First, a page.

Alaska Marine Highway and Conclusions

I reached Seattle in the mean time and I’m preparing myself for Japan. However, before I take some conclusions here about the last few months, first a bit about the journey from Whittier (Alaska) to Seattle (Washington).

Whittier – Bellingham – Seattle
After a wonderful afternoon with Carl and Henry at sea, I spend a somehow cool night aboard the boat from Car. It was raining heavily again in the morning and it was still raining when I made it on board the ferry M/V Kennicott. There, I put up my tent on one of the upper floors. I was a bit disappointed, that it was not possible to tent on the top deck though. We left Whittier in the rain and we couldn’t see a lot of the beautiful area. It kept raining the next few days and even got stormy which made some people sea sick and push the waves high up on the boat. At that point I was happy, that my tent wasn’t on the top deck and was covered… Because of the bad weather, there was not much too see outside. However, it made it possible to e.g. translate the posts of the last few months also to English ;-).
The ferry drove from Whittier to Yakutat and continued from there through Juneau to Ketchikan. There, the weather got much better and especially along Vancouver Island, we saw some Orcas and at least three breaching (jumping) Humpback Whales. This was a great show. They were watching us and we them :-).
We finally reached Bellingham the next morning. From there I took the train down to Seattle. Both Amtrak and the ferry changed their schedule in the last few days. So it’s always best to have some spare time included in your itinerary…

That’s it with cycling in North America. I had a great time here, also with some low but a lot of high points. Following some more details. Let’s start with the negative to end with the positive :-).

The worst thing was of course, that Ines and I both got sick just before Yosemite. This took a lot of energy and was very frustrating. The positive thing was too, that we could count on the understanding and support of the owners of the campground where we stayed.
The other negative thing was traffic. Especially in the southern part, there was a lot of traffic and a lot (especially RVs, SUVs and trucks) were driving reckless. I don’t know if it was intensely or just not thinking but there were several times when I was happy, that I was still alive… And in most cases the dangerous situation would have been avoidable by the drivers. We also had a few such situations in Alaska, even when there was more than enough space. It seems that some drivers just think that cyclists shouldn’t be on (their) road. And some even showed this to us directly…

The positive thing here were the people. The waste majority was very open minded and very helpful when we needed some support. I would like to mention here especially (but not exclusively) Sarah and David in Los Angeles, Lionel and Chris in Pismo Beach, Eric in Seattle, Margot and Olaf in Penticton, the unknown car driver, the unknown cyclist and the unknown camper which showed us the Northern Lights in Fairbanks and Carl and Henry in Whittier. A big thank you to all of you!! We also enjoyed a lot to meet other cyclists and other travelers on the way. Happy traveling to all of you!
Positive was of course also the landscape and the animals which we saw on the way. I enjoyed especially Big Sur,Yosemite, Yellowstone, Mt St Helens and Rainier, the north of Vancouver Island, Haines Highway, Denali National Park, Kenai Peninsula and the journey on the Alaska Marine Highway. And not to forget the Northern Lights. I wished there would be even more of those. Positive was also that we made it to Anchorage. I hadn’t really doubts because I know in the mean time, that it is very much a question of really wanting it. However, it is still great to see, that we were able to do almost 4’000 miles in a bit more than five months (which brings me up to almost 5’500 miles in total 🙂 ). And it was also great, that we did not have even one puncture on the whole way. This thanks to good material but also because of good streets. However, there was also a lot of garbage on the shoulders. I would like to mention here especially dippers…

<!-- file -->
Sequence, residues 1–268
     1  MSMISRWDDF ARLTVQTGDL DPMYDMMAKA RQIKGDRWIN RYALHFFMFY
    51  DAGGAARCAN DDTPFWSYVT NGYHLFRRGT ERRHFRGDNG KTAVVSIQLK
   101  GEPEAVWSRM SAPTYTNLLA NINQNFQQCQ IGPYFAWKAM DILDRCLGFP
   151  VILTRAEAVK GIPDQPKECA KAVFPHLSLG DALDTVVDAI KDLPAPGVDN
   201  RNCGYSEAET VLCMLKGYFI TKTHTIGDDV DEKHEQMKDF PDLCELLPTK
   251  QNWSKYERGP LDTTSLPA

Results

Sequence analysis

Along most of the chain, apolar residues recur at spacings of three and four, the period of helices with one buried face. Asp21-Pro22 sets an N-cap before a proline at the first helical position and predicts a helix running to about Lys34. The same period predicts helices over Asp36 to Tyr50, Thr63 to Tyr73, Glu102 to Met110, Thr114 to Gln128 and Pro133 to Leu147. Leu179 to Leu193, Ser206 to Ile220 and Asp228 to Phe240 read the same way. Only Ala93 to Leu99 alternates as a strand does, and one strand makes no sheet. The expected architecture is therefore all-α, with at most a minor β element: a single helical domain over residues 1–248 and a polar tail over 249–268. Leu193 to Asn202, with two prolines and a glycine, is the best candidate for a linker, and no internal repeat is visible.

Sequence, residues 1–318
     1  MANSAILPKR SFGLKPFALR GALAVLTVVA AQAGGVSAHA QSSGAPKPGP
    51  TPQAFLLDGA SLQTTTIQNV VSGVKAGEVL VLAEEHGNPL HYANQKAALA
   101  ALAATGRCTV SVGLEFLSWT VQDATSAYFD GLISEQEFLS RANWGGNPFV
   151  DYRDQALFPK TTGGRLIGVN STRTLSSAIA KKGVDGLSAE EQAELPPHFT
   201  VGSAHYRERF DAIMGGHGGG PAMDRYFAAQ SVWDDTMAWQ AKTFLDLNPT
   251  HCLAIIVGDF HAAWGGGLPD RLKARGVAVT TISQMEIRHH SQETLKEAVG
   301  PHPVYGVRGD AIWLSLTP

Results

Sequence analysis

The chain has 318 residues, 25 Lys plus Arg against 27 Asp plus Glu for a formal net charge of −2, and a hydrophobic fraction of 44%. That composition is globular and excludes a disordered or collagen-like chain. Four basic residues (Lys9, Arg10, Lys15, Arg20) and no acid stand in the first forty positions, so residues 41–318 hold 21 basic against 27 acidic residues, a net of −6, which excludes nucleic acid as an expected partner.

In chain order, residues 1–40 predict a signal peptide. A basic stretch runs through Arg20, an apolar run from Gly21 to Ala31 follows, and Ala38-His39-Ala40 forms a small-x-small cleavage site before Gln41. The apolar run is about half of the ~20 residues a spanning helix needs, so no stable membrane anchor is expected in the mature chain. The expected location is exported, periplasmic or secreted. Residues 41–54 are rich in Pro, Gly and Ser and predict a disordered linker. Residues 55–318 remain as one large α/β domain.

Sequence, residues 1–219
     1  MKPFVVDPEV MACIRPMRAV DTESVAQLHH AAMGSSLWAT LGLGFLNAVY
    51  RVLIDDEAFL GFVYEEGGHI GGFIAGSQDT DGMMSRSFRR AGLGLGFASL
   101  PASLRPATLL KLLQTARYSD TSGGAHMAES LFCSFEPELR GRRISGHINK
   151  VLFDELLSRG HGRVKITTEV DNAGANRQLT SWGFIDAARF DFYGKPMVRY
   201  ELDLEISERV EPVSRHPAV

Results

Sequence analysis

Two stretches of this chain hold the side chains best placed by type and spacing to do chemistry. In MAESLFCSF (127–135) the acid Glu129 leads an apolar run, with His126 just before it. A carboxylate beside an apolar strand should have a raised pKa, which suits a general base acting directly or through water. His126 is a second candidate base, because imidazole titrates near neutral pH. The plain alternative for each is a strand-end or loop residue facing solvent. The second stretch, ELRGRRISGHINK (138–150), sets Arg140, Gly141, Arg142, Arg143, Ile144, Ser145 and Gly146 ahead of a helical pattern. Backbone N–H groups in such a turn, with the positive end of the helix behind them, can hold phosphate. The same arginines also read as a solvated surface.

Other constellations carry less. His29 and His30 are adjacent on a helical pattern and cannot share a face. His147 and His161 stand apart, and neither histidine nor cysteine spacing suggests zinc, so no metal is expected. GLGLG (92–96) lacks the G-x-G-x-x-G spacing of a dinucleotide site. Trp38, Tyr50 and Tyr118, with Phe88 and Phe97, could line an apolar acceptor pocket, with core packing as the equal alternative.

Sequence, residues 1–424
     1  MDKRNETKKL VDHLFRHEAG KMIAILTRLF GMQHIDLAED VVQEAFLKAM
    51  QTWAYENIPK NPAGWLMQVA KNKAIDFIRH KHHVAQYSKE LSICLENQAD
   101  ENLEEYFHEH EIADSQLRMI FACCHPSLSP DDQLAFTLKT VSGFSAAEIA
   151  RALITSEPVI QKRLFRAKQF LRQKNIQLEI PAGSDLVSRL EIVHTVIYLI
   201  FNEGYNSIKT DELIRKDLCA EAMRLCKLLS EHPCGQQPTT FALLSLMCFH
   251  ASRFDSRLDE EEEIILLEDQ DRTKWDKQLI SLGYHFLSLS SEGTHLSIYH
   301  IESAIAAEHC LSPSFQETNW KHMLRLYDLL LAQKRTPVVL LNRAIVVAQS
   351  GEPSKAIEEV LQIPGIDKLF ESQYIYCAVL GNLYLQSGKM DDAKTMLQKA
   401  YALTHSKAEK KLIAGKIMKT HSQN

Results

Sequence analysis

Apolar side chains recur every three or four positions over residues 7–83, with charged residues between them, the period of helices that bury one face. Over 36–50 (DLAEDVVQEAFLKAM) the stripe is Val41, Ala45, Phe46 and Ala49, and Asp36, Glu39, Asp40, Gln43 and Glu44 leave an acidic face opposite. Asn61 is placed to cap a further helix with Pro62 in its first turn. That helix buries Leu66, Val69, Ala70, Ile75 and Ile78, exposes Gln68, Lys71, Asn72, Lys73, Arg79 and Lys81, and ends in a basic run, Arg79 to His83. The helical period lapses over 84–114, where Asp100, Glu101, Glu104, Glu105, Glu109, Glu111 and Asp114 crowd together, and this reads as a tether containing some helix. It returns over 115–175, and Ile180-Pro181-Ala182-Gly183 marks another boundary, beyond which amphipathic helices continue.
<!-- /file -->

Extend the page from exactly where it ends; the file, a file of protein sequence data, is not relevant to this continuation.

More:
If you are asking me, if I would do it again, I would probably say yes, but without the bike. Not that I’m sick of cycling but I felt that there is not really enough space on the road for cyclists and that they are not very welcome (on the road). 99% of people here were traveling with a car/SUV or even a RV. As a cyclist with a tent, you are really an outsider… And I wouldn’t do it with children (especially along the coast in the south) because I think it’s just too dangerous. If you are traveling with a car or even a RV, please slow down and keep distance when you are passing cyclists. If you want to be nice, I’m sure they would love it to get a cold beer or a coffee/chocolate during a break :-).

That’s it from my side for now. Thank you very much for reading and commenting during the last few months. I was always very happy to hear from you. And I would love it to hear from you also during my cycling in Japan. My plan is to cycle south starting fro Tokyo. Any advice is still very welcome! Next post will be either from Japan or on the way to there :-).

All the best from Seattle,


PS: Pictures from Whittier – Seattle can be found in the Gallery. Don’t miss the breaching Whales!

About Stefan

I'm a telecommunication engineer by profession and like to discover the world by bike. I think, that it is the perfect speed to move but still be in touch with the world and the people which live there. And I'm very happy, that my wife Susanna is joining me now on those adventures. If you are interested in other journeys we did so far, please also check my website Stefan, Switzerland

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